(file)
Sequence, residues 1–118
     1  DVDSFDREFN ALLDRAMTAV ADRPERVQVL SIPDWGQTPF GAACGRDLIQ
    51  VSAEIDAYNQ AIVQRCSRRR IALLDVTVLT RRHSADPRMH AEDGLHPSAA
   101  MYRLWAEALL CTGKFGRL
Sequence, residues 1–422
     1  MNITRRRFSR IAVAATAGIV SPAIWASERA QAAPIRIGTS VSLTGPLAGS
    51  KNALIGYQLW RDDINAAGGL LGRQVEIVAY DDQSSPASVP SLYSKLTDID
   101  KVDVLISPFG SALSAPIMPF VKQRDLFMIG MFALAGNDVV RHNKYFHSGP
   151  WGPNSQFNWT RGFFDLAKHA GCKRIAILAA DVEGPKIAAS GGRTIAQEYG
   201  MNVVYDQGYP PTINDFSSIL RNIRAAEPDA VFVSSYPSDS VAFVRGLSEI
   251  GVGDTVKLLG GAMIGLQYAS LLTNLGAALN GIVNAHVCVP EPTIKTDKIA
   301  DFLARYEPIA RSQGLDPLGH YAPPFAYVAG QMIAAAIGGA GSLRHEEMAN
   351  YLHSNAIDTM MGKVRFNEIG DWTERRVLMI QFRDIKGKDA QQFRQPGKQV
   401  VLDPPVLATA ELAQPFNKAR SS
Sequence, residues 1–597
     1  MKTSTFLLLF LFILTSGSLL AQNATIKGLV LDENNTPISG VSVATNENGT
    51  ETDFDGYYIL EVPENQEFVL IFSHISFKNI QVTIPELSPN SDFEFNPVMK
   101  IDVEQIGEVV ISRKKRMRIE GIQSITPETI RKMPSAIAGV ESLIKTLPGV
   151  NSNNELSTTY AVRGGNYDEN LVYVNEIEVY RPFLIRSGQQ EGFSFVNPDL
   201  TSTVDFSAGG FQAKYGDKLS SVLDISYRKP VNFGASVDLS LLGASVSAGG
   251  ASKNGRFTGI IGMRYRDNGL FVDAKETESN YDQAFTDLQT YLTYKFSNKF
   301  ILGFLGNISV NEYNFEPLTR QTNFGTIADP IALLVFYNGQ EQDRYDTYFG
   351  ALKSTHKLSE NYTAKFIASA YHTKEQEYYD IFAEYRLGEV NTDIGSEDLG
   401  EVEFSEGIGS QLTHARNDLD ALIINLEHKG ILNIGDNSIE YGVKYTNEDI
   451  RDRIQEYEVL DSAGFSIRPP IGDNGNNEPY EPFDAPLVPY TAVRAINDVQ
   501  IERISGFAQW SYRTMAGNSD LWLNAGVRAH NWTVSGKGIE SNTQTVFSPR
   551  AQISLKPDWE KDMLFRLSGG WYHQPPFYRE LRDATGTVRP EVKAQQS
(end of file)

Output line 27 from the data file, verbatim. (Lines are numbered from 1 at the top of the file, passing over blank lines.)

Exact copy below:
   551  AQISLKPDWE KDMLFRLSGG WYHQPPFYRE LRDATGTVRP EVKAQQS